Because this is America and we love cars and convenience, some banks offer drive-throughs, which typically come in one of three forms.
There’s the kind with a window and an actual human bank teller, the kind with an automated teller machine, and this reporter’s personal favorite: the pneumatic tubes. The whoosh of air, the satisfying thump of a capsule coming to a halt, a lollipop that comes with your transaction receipt because you lied and said there was a kid in the car. It’s all a delight.
Hyperloop is an open-source transportation technology built around that same tube and capsule concept. Except instead of checks and suckers, its capsules are scaled to carry people and freight.
And rather than using air pressure to propel capsules through a tube, Hyperloop’s design requires reducing intra-tube air pressure to a near vacuum. This reduces air resistance, which, in turn, means that capsules can hurtle down the tunnels at phenomenal speed: up to 600 miles per hour.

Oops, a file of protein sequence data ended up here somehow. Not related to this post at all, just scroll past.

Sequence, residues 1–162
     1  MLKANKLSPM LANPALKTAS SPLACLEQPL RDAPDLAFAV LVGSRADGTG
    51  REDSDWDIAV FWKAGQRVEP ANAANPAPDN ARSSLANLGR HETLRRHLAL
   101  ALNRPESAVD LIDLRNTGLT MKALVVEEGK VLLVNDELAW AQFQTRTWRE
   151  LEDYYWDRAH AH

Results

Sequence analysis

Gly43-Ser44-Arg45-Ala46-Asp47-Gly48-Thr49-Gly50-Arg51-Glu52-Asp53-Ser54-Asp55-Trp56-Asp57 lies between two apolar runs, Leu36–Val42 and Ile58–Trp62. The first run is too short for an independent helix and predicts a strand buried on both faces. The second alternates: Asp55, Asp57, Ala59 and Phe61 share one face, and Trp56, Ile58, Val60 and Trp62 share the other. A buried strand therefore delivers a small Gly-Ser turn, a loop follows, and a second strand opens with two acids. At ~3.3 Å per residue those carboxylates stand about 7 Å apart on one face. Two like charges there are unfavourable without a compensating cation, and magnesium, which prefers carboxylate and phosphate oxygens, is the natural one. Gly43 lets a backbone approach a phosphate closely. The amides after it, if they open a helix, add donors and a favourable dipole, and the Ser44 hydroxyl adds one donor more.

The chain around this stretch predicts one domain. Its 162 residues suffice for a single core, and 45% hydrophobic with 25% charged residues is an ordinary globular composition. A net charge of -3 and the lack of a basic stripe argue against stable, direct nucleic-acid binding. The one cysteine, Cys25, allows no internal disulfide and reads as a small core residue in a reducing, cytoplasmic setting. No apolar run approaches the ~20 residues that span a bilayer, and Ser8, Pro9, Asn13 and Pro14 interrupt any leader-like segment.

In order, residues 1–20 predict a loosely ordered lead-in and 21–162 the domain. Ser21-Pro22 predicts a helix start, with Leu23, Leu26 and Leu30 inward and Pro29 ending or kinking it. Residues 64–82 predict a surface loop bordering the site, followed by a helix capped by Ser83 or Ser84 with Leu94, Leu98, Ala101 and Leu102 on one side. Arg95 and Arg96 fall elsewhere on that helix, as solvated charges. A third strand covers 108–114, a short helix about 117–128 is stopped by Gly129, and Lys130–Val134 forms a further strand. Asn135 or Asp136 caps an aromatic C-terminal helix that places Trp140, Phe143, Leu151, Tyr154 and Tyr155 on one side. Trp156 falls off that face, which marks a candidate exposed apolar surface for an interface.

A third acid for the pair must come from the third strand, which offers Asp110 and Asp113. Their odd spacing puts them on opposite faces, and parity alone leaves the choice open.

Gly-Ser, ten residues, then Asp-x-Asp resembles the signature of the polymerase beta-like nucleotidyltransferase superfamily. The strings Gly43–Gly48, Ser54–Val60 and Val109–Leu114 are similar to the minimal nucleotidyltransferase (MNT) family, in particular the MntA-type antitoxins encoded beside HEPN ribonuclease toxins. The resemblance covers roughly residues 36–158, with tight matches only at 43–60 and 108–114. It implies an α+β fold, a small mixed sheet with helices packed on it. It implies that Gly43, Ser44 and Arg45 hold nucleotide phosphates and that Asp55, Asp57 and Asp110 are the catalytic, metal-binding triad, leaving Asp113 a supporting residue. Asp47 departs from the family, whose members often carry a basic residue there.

Virgin Hyperloop One is one of several companies working to commercialize the open-sourced specifications for hyperloop tech, which was originally published by a joint team of Tesla and SpaceX engineers in 2013. Somewhat unsurprisingly, it takes a lot of capital to get a mass transit infrastructure company off the ground, which is why Virgin Hyperloop One appears to be raising additional cash.
According to paperwork filed with the Securities and Exchange Commission (SEC) on Tuesday, Hyperloop Technologies, Inc. (doing business as “Virgin Hyperloop One”) disclosed its intent to raise nearly $225 million in new equity funding. The filing states that the company has already secured $172.2 million, leaving $52.5 million in the equity offering as-yet unsold. So far, 80 investors contributed to Virgin Hyperloop One’s round.
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